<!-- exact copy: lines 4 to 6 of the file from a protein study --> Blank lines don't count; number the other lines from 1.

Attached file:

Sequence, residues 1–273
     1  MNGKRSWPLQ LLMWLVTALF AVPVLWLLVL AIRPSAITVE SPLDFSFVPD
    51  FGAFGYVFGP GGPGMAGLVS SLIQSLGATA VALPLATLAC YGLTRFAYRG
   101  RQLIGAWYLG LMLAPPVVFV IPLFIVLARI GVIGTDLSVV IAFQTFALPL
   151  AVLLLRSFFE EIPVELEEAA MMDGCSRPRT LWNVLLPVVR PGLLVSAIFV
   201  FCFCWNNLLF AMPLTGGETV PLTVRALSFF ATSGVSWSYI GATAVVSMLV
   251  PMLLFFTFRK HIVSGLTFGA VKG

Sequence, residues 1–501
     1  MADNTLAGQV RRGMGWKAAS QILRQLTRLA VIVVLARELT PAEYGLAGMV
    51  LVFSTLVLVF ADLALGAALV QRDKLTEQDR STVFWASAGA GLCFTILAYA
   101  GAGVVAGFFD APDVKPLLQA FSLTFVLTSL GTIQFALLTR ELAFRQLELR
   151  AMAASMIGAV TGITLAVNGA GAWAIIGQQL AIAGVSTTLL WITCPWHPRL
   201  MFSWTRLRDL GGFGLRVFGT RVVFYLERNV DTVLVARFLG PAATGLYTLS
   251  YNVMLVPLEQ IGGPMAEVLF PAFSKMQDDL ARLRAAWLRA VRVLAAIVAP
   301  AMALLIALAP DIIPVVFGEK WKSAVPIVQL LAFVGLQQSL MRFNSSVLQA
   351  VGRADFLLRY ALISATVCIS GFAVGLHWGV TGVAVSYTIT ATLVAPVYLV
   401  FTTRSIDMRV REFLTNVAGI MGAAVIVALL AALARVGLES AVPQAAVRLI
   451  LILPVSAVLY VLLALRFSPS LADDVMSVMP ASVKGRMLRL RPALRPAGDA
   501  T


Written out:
   101  RQLIGAWYLG LMLAPPVVFV IPLFIVLARI GVIGTDLSVV IAFQTFALPL
   151  AVLLLRSFFE EIPVELEEAA MMDGCSRPRT LWNVLLPVVR PGLLVSAIFV
   201  FCFCWNNLLF AMPLTGGETV PLTVRALSFF ATSGVSWSYI GATAVVSMLV